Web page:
Epistemic Inequality

Andrew Piper and I recently completed the first essay in a larger project on knowledge norms and publishing. “Publication, Power, Patronage: On Inequality and Academic Publishing” will be out soon in Critical Inquiry. Our hope for the broader project is to help mitigate the profound ignorance that we scholars, ourselves included, have of our own institutions. We are also trying to imagine what epistemic equality might look like, both as a concept and an institutional reality. Continue reading

Permanent Crisis: The Humanities in a Disenchanted Age

In the winter of 1872, Friedrich Nietzsche, then a classics professor still in his mid-twenties, delivered a series of lectures on the future of education in Germany . They were held in Basel, where Nietzsche was working then. When he arrived in 1869 from Leipzig to this Swiss enclave on the Rhine, he encountered an old European humanism. Late nineteenth-century Basel was a city-republic and its patrician elite prided itself on being untimely. This was the hometown of historian Jacob Burckhardt, who pitted an idealized Italian Renaissance against a Prussian modernity of metropolises, capitalism, and bureaucracy. And so over five nights, three hundred of Basel’s cultured elite crowded into the city museum in the Augustinerstraße to hear Nietzsche’s jeremiad against an educational system that was supposed to be the best in the world, but that was, in his view, on the verge of collapse. Continue reading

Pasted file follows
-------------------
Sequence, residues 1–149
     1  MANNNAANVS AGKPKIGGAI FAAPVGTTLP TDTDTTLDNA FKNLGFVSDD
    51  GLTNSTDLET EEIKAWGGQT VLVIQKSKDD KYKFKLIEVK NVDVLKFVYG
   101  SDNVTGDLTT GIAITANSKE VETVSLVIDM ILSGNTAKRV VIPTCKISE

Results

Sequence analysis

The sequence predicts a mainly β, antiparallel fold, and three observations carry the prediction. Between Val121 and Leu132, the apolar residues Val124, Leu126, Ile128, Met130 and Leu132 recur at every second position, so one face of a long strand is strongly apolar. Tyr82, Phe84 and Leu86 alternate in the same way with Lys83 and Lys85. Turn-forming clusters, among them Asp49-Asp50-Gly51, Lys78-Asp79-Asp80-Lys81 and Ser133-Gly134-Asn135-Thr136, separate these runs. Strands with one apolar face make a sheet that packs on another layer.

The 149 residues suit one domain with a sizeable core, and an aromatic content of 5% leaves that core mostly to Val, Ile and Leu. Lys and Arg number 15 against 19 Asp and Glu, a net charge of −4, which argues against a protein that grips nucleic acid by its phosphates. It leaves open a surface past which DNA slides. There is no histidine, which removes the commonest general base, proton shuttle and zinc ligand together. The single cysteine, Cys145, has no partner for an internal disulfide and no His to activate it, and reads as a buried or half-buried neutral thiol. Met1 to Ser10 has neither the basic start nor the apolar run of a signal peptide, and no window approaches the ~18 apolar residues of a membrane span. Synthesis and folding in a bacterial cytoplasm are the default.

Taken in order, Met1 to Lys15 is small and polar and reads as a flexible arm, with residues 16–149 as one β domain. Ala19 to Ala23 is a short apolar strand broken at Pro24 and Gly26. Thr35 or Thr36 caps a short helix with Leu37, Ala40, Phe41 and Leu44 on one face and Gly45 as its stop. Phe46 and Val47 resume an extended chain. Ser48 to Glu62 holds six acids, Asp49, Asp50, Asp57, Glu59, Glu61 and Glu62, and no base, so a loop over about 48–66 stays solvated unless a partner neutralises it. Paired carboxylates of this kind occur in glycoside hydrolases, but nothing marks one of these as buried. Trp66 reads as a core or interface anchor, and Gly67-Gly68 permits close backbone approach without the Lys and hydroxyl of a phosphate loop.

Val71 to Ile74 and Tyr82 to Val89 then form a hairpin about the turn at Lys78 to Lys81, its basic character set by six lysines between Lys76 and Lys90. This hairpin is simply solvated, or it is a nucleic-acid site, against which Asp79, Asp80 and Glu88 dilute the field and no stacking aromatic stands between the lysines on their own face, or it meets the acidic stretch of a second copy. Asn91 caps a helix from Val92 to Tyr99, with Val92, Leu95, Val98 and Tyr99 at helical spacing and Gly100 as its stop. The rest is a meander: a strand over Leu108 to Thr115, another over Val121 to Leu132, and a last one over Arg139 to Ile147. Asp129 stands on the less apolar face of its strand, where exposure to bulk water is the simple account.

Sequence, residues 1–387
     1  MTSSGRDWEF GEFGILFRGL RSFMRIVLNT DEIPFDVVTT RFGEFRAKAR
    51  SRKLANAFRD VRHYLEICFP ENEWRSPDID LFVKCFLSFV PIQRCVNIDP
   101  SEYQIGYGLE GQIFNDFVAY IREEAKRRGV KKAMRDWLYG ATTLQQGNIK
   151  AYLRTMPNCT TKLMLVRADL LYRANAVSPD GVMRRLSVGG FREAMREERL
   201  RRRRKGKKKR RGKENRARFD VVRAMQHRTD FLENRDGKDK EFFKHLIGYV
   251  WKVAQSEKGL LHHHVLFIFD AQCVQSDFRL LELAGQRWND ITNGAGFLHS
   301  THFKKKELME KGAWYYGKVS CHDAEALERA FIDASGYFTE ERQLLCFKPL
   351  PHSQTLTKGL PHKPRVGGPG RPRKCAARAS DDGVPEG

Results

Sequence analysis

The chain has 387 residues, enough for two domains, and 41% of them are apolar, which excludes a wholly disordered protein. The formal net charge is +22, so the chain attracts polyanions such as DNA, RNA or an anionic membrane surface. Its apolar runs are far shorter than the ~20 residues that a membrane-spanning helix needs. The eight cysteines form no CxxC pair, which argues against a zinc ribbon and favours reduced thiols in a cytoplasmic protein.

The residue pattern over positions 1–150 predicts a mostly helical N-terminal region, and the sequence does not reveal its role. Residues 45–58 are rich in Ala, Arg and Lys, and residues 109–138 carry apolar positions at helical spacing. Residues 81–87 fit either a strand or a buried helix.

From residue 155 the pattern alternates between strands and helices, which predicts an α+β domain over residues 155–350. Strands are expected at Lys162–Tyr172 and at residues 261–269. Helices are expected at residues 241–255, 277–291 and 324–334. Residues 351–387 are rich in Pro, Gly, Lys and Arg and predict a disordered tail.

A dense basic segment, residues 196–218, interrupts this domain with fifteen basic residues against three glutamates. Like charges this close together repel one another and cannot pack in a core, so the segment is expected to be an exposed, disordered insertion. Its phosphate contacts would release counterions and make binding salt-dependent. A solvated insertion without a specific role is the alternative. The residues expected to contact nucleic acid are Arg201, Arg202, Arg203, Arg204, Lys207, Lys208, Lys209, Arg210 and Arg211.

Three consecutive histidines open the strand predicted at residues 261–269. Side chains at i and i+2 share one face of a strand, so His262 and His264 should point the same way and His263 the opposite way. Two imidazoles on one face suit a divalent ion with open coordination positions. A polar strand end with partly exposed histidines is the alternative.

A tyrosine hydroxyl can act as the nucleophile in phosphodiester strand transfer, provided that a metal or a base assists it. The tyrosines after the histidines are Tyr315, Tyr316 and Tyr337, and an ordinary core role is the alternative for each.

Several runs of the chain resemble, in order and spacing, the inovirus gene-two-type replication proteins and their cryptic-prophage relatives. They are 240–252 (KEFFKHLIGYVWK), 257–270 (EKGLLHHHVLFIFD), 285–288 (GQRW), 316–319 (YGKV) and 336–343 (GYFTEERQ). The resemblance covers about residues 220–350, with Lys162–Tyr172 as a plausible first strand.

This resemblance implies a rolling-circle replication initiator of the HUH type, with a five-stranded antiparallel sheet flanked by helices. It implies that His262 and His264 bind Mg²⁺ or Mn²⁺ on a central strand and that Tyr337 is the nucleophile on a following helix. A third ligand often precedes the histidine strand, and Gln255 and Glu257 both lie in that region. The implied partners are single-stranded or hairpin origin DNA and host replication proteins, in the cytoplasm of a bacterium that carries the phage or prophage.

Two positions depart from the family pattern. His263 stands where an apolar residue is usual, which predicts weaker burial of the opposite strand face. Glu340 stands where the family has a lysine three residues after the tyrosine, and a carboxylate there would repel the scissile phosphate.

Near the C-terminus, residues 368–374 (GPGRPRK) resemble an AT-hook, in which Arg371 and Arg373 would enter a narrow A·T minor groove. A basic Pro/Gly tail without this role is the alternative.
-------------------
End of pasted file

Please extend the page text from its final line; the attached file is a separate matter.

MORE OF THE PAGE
The Visibility of Knowledge

I am happy to announce that a new collaboration with Andrew Piper’s .txtLab and Mohamed Cheriet’s Synrchomedia Lab has been funded by the Social Sciences and Humanities Research Council of Canada. The project is called “The Visibility of Knowledge: The Computational Study of Scientific Illustration in the Nineteenth Century.” Our aim is to study how scientific knowledge became visible to readers over the course of the nineteenth century using new computational techniques in image detection. Continue reading